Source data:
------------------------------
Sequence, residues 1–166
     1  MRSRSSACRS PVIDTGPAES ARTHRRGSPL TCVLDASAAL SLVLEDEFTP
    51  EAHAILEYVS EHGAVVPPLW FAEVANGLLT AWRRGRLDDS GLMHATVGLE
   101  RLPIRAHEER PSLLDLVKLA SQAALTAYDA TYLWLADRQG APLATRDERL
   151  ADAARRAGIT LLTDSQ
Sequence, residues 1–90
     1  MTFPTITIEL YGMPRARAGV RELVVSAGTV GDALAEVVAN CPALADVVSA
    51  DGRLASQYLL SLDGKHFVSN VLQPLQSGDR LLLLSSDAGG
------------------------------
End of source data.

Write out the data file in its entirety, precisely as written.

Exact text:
Sequence, residues 1–166
     1  MRSRSSACRS PVIDTGPAES ARTHRRGSPL TCVLDASAAL SLVLEDEFTP
    51  EAHAILEYVS EHGAVVPPLW FAEVANGLLT AWRRGRLDDS GLMHATVGLE
   101  RLPIRAHEER PSLLDLVKLA SQAALTAYDA TYLWLADRQG APLATRDERL
   151  ADAARRAGIT LLTDSQ
Sequence, residues 1–90
     1  MTFPTITIEL YGMPRARAGV RELVVSAGTV GDALAEVVAN CPALADVVSA
    51  DGRLASQYLL SLDGKHFVSN VLQPLQSGDR LLLLSSDAGG